Nfld. & Labrador

Most Regatta rowers are women. Why are most of its hall of famers men?

About 75 per cent of the racers who enter in the regatta are female, but no women were inducted into the hall of fame this year.

Fewer than 12 per cent of the hall of fame inductees are female

The Dawe and Burke team rowing in the 199th Royal St. John's Regatta on Aug. 2, 2017. (Ryan Cooke/CBC)

Seventy years after they first began rowing competitively in the Royal St. John's Regatta, women now dominate the annual event but that's hard to tell by looking at the names listed in its Hall of Fame.

About 75 per cent of the rowers who enter the Regatta are female, but no women were inducted into the Hall of Fame this year. 

"It's just a lack of applications," said Chris Neary, president of the Regatta Committee. 

"We would be more than happy to have an increase in people applying, certainly female participants applying to the Hall of Fame."

Chris Neary is the president of the Royal St. John's Regatta committee. (Meg Roberts/CBC)

In order to get into the Hall of Fame, an athlete must be nominated by either someone else or themselves.

According to the names listed on the Regatta's website, less than 12 per cent of the Hall of Fame inductees are women. 

"It may have something to do with the fact that women are just not as self promoting in the sense of how that [application] process occurs," said Siobhan Duff, who has rowed in about 25 Regattas and is a Hall of Fame inductee.

"Women, I just don't think historically have done that as well maybe as men have."

Duff said it was also the work of certain individuals, like rowing advocate Dee Murphy, who made sure women were being acknowledged in the sport.

Siobhan Duff has rowed in the Royal St. John's Regatta about 25 times. She was inducted into the Hall of Fame in 2001 as part of the 1994 Oz FM female crew. (Meg Roberts/CBC)

"Most of the female nominations were admissions that were in the Hall of Fame as a result of his specific and personal efforts."

But without someone like Murphy, who has since passed away, Duff said tweaking the application process might be something to look at.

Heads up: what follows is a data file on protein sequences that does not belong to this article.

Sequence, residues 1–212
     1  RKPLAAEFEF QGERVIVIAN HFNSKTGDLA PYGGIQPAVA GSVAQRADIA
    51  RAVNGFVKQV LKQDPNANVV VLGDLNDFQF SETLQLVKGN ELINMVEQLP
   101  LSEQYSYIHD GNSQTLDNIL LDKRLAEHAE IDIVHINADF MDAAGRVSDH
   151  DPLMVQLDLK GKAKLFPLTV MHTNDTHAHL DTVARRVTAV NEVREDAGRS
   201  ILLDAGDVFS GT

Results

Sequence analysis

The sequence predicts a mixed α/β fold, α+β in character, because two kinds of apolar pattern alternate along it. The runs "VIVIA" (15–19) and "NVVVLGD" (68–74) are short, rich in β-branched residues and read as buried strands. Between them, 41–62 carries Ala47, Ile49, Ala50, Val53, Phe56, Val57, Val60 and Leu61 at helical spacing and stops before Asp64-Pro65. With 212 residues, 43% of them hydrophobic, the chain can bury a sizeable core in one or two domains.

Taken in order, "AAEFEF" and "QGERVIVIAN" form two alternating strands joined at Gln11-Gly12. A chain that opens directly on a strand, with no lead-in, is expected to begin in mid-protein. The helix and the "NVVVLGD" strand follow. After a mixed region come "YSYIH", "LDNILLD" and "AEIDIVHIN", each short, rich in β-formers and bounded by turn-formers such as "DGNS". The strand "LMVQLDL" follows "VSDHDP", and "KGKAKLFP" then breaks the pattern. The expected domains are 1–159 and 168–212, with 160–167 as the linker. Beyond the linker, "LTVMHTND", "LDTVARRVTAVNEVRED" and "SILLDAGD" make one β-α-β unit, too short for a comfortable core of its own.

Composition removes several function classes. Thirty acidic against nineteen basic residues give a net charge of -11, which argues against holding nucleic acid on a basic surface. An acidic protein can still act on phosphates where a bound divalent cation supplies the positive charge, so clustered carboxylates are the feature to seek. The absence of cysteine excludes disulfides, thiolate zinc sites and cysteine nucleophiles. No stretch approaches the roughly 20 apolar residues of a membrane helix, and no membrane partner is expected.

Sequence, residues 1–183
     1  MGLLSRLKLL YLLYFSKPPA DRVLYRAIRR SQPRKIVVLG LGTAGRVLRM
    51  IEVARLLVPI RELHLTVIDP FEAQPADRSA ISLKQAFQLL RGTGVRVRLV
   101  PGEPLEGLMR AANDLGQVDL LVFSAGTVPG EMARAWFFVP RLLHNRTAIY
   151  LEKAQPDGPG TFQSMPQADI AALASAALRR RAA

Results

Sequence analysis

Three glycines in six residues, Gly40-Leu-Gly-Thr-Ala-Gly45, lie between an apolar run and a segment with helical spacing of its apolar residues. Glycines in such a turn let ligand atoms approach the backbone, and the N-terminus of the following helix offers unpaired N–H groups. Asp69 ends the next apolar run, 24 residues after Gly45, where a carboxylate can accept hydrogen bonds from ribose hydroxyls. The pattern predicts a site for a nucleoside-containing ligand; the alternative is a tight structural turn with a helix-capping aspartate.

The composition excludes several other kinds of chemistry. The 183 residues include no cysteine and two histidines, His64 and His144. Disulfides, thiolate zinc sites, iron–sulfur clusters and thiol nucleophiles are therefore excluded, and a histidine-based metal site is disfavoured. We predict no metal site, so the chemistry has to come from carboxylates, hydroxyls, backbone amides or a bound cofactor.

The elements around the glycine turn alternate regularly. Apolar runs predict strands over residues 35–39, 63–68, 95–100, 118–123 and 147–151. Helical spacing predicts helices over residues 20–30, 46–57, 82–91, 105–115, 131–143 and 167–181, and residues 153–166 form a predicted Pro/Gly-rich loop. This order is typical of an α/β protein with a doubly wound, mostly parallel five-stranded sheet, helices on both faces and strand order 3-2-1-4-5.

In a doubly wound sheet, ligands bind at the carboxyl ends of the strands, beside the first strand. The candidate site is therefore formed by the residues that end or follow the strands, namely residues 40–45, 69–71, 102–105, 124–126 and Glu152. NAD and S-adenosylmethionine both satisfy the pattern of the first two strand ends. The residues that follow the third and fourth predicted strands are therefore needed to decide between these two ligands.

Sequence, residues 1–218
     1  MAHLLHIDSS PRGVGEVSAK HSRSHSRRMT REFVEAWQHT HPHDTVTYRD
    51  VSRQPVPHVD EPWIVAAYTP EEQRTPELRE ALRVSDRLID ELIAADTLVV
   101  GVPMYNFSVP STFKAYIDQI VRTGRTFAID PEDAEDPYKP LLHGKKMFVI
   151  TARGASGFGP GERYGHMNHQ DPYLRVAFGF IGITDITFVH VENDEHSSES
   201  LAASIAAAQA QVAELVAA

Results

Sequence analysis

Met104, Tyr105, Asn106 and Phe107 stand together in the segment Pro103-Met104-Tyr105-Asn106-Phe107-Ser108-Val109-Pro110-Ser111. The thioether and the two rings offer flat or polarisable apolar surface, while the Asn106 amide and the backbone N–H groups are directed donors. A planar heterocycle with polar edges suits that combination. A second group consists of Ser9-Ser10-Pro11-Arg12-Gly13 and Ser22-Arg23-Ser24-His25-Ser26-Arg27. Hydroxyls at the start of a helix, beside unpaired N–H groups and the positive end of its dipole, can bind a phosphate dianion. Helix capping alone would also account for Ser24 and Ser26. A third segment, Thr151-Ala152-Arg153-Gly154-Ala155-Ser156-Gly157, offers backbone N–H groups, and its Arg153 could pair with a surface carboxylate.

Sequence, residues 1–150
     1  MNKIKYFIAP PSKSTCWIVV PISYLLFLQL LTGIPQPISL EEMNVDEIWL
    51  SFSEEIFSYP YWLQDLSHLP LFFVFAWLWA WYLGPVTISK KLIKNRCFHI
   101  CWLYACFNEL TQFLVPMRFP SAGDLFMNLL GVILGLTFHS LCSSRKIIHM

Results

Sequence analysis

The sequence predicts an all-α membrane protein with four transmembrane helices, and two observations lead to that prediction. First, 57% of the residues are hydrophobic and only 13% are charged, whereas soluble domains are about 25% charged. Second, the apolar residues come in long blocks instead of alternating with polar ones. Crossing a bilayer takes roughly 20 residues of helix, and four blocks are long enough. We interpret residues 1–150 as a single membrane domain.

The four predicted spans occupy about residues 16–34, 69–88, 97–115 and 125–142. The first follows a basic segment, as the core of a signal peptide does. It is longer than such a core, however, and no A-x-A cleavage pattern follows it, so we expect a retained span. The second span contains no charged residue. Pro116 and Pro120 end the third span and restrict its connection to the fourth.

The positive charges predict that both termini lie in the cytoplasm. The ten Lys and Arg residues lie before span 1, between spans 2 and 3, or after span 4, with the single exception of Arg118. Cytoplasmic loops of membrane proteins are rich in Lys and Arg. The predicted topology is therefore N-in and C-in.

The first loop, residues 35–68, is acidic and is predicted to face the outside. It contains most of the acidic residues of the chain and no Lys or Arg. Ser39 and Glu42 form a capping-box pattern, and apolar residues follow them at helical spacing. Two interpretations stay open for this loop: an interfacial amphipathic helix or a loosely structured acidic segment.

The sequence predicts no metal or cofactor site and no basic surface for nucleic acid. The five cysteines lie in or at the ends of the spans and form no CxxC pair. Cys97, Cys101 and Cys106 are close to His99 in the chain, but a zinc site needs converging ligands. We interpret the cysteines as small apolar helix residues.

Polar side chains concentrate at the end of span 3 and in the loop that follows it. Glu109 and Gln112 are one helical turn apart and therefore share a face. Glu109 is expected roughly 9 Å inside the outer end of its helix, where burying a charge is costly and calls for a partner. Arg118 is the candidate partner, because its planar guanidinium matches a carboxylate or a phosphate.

And her message for other female rowers?

"Don't be afraid to put your name out there … Don't be afraid to be proud."

New course names

Duff extended her congratulations to this year's inductees in the Hall of Fame: the 1985 Outer Cove/Regatta Ford Intermediate Crew, former Regatta Committee member Francis Dinn, and long-time Regatta participant Graham Roche.

The Hall of Fame ceremony was held Wednesday, one week before the Regatta. (Mark Quinn/CBC)

Not only is it the 70th anniversary of women participating in the Regatta, it has also been 40 years since the first female championship race. In honour of that milestone, the Regatta committee has changed the name of the races to "ensure all participants are recognized equally."

What was previously the female course is now called the half course, and the previously named male course is now the full course.

The committee has also agreed to alternate the times of the championship race between men and women. 

Gail Malone, past president of the Regatta Committee and also a member of the Hall of Fame, said women are being well represented in the organization and Hall of Fame.

The new Hall of Fame monument stands outside the boat house at Quidi Vidi Lake. (Meg Roberts/CBC)

"Women's active participation has only been in the last 60 to 70 years, which is just a portion of the time that the Regatta has existed," she said, at the Hall of Fame ceremony Wednesday. 

"There are many, many, many Regattas yet to come where we will have lots of opportunities to be members of our Hall of Fame."

Malone, who was honoured last year with an award in her name, said the committee works hard to acknowledge women's participation.

"We are doing our best to improve rowing experiences for all of the crews."

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About the Author

Meg Roberts is a video journalist with CBC Newfoundland and Labrador, based in St. John's. Email her at meg.roberts@cbc.ca.

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